What is the casino proper response?
  • I play black jack on a boat in Illinois. As I sat down at a table to begin play, I overheard 2 pitbosses and a dealer discussing a card that they had found underneath the the padded armrest next to the shoe. They decided that since no player is allowed to touch the cards, the card had apparently been accidently pushed there during the intitial table setup that day as the dealer "washed" the cards. They treated this as "no big deal".
    As I am a regular and on 1st name basis with most of the pitbosses, I mentioned to one of them that had I been playing on that table earlier and had lost , I would have expected and demanded my money back as the table would not have been playing with a full 6 deck makeup. The pitboss said that this would not have been allowed and that actually the house was playing at the same disadvantage so it really would not have made a difference.
    I disagreed with this and maintained my stance on this, but as I had just sat down, we let it go.
    I was just wondering if this or something similar has happened to any of you on this site and what was the casino's response.
    Thanks---
    woulfe
  • Wow, that's a new scenario there that I've never heard in my short BJ playing career...

    But I think you are correct, but then again it could go either way and the House could obviously make the case too that they are playing with the same disadvantage. Sorry I'm not much of help on this. I'm sure you will get great feedback from others here though.
  • Bug

    I do not expect to ever run across this again myself. I have played for severalyears and thought I had seen about everything, but still get surprised occassionally. I personally believe that the house would need to make good on any bets made on an what could be termed a "fraudalent shoe"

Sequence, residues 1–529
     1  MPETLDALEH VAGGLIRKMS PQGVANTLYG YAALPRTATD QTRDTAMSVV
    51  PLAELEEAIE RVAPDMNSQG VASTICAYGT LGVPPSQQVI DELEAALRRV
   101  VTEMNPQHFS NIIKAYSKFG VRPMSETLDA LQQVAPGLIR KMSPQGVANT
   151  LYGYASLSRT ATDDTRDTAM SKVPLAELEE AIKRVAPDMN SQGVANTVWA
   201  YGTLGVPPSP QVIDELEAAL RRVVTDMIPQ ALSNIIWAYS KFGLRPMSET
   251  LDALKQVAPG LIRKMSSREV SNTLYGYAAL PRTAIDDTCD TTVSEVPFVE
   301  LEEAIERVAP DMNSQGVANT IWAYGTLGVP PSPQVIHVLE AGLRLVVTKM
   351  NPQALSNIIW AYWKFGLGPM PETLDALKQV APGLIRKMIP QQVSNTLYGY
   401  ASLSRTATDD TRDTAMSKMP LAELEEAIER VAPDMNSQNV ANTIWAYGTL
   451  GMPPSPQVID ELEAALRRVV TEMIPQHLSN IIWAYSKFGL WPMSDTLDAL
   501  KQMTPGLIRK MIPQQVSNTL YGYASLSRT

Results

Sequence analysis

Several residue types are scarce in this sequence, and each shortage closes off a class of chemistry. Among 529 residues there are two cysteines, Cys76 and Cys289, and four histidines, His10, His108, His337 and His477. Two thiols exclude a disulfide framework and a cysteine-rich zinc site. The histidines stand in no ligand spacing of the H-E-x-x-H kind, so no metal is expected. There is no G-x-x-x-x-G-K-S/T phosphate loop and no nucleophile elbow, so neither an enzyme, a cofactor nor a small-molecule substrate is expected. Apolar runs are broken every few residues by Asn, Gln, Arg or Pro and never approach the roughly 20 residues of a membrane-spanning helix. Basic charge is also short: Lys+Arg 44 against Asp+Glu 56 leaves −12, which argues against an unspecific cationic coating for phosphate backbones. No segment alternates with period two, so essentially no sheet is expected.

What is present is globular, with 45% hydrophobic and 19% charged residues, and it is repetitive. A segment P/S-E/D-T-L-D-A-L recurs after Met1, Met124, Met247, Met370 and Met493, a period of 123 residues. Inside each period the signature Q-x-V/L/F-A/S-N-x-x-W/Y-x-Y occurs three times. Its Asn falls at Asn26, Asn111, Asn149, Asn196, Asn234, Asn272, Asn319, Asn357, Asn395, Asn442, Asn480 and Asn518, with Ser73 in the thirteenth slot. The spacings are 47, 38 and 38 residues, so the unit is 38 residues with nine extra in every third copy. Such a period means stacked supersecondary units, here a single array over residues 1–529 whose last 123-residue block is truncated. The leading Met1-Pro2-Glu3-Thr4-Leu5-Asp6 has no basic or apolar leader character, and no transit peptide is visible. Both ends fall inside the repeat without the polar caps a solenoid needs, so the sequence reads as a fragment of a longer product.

woulfe
  • Woulfe -
    I agree that once the integrity of the cards in the shoe has been compromised, then the casino should be accomodating to any player who was playing at that table and catches them on it. I don't know how other casinos would handle it but I would like to think that a high-quality casino would reimburse a player or at least offer some kind of comp as a way of saying "sorry, we screwed up".

    If the pit boss blows off the situation by saying that the house was playing at the same disadavantage then he's full of crap and either doesn't understand the game or isn't being honest. What was the card? If it was an Ace, then it seriously hurts the players (less 3:2 blackjacks being paid = better house advantage) and the players have a huge gripe. If it was a 7 or 8, then I'd probably have to agree with him that its not much of a factor. If it was a 5, then the house actually hurt themselves by not having the card in the deck (i.e. better advantage to the players).
  • I had a somewhat similar experience the day before yesterday in Vegas. The dealer forgot to peek at the hole card to see if she had a BJ or not even though she had an ace showing. At the end of that hand, she turned the card over & lo and behold, it was a 10-card :shock: She motioned the pit critter over, who declared the hand a dead hand. In other words, the dealer ended up not taking anyone's money & returning the money to those who busted :lol: :lol: :lol: She then wished us, "Merry Christmas, everybody" To which I cockily replied, "Ain't no present better than u pulling another Bee-Jay & paying us, honey!" :twisted: She was foreign and didn't grasp the sexual innuendo intended but the whole table erupted in laughter and subsequent hands of 21 dealt to anyone would be accompanied by shouts of BEEE-JAAY !!!!! :lol: :twisted: :lol: :twisted: :lol:
  • Lazy,
    thats a generous pit boss you had. I've had the same situation happen two or three times with the automated hole card checker device (whats the official name of that thing??) giving a false reading. Each time the casino took the players money, with the exception being if anyone doubled down or split then they'd return that portion of the bet. They'd also adjust for blackjacks or insurance. Their reasoning was "well, you would've lost the hand anyways, we just happened to burn a few more cards playing out the individual hands". I didn't necessarily like it but didn't feel I had much grounds for an argument either.

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